At Tuesday’s meeting the Faribault County Board of Commissioners received demonstration of the voting machine to be used in the November Midterm Elections.
The meeting began with County Auditor, Darren Esser introducing himself, and stating that the purpose of the meeting was to demonstrate to the public the accuracy of the computer program and voting system to be used during the upcoming general elections.
The demonstration was planned ahead of the election, as it is done prior to every election, but was also done amid a vocal minority in the county questioning the validity of the machines themselves and how they process voters ballots.
At the start of the meeting, a county resident addressed the commissioner board, stating, “I voted for you, and I trust you, but I do question the validity of the machines.”
County Auditor Esser understood the concern and was prepared to put the group of concerned citizens within the conference room at ease through his demonstration.
As test ballots were filled, printed, checked, and checked again for process, Esser was happy to answer questions while he and the staff of the auditors office simultaneously carried out their demonstration. As they were troubleshooting the system in preparation for their mock polling, a few ballots printed with slight inconsistencies. These ballots were then marked as “spoiled” and set aside for secure destruction at a later time. Once the troubleshooting completed, the auditor staff felt comfortable proceeding with their mock ballot counting. As they poured over tickets and print outs to make sure everything was accurate, Esser continued to answer questions.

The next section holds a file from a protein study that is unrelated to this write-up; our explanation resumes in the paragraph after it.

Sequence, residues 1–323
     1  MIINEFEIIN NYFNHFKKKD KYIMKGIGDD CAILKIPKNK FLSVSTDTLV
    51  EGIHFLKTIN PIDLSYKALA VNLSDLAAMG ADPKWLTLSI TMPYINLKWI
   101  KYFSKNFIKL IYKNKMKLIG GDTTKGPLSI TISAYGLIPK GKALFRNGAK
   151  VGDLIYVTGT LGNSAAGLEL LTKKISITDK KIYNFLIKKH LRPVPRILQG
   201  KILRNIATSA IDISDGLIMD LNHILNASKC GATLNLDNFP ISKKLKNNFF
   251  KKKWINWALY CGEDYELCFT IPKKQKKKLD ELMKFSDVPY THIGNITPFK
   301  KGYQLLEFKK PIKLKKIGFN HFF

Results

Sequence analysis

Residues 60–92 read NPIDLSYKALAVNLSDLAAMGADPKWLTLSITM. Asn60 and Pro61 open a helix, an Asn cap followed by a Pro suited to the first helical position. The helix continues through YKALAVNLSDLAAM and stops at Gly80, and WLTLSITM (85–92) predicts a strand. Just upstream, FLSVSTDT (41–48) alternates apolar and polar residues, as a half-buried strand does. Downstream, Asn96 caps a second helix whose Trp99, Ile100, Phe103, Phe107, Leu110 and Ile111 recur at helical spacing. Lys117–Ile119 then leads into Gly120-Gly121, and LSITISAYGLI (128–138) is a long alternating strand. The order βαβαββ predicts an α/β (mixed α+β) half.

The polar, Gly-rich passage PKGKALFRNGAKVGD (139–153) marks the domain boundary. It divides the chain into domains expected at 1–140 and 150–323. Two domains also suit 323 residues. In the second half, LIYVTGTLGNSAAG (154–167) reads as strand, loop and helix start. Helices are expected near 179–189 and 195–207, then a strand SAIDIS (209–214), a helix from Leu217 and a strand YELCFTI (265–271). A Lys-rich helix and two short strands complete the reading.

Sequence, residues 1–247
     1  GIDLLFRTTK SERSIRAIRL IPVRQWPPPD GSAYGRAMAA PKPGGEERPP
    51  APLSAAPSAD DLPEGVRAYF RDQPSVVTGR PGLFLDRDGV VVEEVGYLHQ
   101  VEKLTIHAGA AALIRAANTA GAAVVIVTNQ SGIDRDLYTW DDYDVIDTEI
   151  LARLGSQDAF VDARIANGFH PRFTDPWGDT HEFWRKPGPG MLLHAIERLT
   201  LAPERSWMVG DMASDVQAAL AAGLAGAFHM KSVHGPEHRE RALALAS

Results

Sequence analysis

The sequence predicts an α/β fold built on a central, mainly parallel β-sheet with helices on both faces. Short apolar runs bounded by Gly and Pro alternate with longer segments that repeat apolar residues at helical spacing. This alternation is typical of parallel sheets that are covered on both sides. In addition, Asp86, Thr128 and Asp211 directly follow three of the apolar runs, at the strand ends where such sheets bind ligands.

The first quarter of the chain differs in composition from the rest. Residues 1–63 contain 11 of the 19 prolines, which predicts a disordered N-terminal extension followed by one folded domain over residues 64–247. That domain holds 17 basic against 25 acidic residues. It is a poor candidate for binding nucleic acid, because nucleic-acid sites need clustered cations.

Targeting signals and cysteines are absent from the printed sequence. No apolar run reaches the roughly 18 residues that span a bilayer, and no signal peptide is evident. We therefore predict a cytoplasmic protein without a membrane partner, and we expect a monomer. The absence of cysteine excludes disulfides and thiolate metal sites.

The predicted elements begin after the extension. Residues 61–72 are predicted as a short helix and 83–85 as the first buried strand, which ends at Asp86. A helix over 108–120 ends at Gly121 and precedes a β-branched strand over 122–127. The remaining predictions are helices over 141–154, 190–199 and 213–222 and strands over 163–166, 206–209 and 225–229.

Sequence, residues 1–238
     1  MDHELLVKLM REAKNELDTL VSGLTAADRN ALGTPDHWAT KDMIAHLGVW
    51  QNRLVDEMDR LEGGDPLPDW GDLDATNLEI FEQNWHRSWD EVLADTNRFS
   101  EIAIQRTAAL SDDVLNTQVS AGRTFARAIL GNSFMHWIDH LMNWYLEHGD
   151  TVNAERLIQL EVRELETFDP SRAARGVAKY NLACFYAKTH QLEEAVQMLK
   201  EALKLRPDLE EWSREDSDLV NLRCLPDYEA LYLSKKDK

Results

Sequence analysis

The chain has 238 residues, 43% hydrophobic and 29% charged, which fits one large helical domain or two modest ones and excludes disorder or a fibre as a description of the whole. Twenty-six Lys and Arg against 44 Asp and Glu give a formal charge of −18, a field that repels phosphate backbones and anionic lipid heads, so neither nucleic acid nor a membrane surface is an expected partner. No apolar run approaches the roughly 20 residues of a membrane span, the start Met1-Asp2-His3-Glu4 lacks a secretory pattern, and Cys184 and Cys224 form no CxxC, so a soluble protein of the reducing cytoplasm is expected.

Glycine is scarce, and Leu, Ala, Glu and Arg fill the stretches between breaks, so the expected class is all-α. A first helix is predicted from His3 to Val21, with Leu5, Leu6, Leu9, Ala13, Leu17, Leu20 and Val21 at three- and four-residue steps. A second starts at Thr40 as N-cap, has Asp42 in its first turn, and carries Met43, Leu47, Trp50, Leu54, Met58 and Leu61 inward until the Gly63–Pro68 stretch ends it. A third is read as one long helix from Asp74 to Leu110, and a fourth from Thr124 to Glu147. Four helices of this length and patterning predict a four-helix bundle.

One member of the group questioned the use of pen types-ball point versus gel pens. It had already been stated that gel pens didn’t dry quickly enough and could smudge, thus rendering a marked choice on the ballot to be misread. This concern was immediately remedied as Esser stated that gel pens were not permitted for use, and the optimal pens for voting are provided at every election booth.
This trend repeated many times, wherein a question of concern would be asked, and Esser was able to quickly reassure the group with answers addressing the concerns, many of which were backed up with planned oversight and appropriate checks in place.
Esser noted that most problems arise only when voters mishandle their ballots, or do not mark their choices appropriately, making it difficult for the machine to register their ballots accordingly. It is imperative that voters read the instructions carefully, and fill out their ballot as clearly and as well intended as possible.
As the process continued and finished, the mock ballots were processed through the same machines that will be used for election day and were indeed processed without issue.
Election day is on Tuesday November 8th and the County Auditors office and County Commissioners are confident that their machines and staff will handle voters ballots securely and appropriately.